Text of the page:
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|Title:||THE IMPORTANCE OF AWARENESS FOR TEAM COGNITION IN DISTRIBUTED COLLABORATION|
|Abstract:||Although the phrase team cognition suggests something that happens inside people's heads, teams are very much situated in the real world, and there are a number of things that have to happen out in that world for teams to be able to think and work together. This is not just spoken communication. Depending on the circumstances, effective team cognition includes things like using environmental cues to establish a common ground of understanding, seeing who is around and what they are doing, monitoring the state of artifacts in a shared work setting, noticing other people's gestures and what they are referring to, and so on (Clark, 1996; Hutchins, 1996). In this chapter, we will argue that awareness of other group members is a critical building block in the construct of team cognition, and consequently that computational support for awareness in groupware systems is crucial for supporting team cognition in distributed groups. Our main message is that: for people to sustain effective team cognition when working over a shared visual workspace, our groupware systems must give team members a sense of workspace awareness. Before getting into details, we will set the scene by first describing the collaborative situations we address in this chapter, and then by introducing workspace awareness and why it is a problem in conventional groupware systems.|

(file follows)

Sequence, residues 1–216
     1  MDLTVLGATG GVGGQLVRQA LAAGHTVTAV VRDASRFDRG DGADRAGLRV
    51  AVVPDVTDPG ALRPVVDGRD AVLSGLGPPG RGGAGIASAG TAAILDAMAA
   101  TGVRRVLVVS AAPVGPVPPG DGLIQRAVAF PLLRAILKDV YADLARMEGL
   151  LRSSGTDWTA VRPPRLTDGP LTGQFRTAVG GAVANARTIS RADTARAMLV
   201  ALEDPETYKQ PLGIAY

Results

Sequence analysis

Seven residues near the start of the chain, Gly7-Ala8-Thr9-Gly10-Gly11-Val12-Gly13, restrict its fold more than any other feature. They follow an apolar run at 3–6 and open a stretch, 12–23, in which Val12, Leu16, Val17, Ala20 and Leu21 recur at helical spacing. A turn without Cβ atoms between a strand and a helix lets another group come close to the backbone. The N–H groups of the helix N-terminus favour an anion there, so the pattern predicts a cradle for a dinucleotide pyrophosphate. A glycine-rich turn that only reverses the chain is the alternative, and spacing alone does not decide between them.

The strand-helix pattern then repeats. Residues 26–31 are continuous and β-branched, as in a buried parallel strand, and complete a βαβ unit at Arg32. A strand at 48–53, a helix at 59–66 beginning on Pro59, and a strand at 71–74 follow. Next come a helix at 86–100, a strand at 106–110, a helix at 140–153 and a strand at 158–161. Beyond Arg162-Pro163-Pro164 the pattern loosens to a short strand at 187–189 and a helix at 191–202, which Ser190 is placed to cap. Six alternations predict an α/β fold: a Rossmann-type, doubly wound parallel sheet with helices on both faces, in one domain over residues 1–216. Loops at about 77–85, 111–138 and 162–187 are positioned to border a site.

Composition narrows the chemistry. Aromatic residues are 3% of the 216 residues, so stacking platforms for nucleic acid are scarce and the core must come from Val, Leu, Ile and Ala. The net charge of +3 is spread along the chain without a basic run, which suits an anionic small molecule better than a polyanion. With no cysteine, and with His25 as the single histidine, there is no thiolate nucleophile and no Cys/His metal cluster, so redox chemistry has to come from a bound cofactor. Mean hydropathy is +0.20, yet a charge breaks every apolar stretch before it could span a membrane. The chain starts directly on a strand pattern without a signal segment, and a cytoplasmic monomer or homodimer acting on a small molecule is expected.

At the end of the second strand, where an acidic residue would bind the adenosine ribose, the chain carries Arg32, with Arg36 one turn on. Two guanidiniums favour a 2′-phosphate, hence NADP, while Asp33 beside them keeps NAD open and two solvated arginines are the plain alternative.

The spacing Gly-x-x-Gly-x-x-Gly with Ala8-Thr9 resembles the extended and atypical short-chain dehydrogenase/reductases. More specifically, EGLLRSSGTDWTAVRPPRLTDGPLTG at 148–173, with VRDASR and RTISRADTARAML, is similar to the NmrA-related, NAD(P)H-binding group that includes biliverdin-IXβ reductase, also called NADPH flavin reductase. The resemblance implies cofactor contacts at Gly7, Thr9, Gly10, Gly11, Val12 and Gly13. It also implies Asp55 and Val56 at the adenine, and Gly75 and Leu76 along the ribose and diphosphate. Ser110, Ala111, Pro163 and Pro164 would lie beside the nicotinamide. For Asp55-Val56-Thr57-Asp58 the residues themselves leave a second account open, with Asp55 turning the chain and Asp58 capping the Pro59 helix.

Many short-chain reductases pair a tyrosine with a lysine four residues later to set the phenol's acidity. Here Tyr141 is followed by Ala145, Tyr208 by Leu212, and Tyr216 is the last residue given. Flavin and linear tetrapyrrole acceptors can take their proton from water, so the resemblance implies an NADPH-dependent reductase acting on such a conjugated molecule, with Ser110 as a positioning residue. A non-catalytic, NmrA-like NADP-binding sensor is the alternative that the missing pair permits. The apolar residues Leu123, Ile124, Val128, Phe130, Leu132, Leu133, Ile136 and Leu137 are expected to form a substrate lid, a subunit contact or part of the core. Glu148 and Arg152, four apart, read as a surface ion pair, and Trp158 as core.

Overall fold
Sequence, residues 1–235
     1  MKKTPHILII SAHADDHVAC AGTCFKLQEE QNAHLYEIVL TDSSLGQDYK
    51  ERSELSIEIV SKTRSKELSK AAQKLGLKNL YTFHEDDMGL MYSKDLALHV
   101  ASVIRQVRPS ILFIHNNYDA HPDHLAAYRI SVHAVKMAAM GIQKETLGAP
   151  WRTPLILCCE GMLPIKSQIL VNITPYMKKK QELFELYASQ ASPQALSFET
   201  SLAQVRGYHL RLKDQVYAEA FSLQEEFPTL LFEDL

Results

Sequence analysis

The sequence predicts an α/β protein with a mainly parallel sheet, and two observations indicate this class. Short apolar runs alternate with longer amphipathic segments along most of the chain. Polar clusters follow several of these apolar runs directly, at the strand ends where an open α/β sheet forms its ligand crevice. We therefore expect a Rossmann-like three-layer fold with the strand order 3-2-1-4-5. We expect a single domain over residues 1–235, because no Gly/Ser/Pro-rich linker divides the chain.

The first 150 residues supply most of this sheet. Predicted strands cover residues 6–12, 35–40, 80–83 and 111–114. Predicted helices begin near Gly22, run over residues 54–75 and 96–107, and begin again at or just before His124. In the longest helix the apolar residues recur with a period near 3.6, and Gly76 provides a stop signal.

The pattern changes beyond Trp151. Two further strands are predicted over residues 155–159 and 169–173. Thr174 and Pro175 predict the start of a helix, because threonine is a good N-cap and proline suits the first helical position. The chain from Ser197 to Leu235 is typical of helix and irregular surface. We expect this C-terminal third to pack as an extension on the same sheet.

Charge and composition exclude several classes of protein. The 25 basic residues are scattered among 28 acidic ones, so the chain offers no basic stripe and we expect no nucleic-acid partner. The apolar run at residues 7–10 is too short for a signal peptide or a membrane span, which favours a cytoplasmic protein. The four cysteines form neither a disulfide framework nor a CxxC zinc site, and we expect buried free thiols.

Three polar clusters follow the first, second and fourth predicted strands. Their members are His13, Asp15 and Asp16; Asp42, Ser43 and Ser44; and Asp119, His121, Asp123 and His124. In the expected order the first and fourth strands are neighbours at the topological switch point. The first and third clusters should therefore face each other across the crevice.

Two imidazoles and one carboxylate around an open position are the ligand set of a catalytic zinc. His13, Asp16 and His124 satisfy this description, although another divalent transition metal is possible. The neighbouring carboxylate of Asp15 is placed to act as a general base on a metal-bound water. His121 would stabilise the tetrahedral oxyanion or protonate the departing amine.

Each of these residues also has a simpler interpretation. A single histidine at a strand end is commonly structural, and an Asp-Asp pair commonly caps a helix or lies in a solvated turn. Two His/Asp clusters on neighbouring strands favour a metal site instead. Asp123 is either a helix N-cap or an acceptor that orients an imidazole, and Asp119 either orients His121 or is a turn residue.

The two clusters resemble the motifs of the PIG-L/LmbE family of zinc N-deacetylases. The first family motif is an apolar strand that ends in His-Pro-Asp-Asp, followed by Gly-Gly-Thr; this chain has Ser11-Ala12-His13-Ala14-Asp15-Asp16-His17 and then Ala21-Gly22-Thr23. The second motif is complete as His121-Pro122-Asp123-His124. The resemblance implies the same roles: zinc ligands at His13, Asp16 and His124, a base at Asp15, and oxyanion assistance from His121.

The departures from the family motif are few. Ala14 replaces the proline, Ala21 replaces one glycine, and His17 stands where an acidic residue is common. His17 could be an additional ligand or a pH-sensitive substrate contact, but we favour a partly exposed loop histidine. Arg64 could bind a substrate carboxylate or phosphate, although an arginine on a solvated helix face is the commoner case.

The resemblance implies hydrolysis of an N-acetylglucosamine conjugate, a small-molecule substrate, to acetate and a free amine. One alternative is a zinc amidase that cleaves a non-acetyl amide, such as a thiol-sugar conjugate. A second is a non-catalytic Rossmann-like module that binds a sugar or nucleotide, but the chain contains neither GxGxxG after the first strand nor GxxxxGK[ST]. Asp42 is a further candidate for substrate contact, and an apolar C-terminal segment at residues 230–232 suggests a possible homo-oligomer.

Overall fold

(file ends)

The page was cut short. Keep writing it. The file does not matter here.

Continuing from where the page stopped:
|Appears in Collections:||Greenberg, Saul|
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|2001-696-19.pdf||22.34 MB||Adobe PDF||View/Open|
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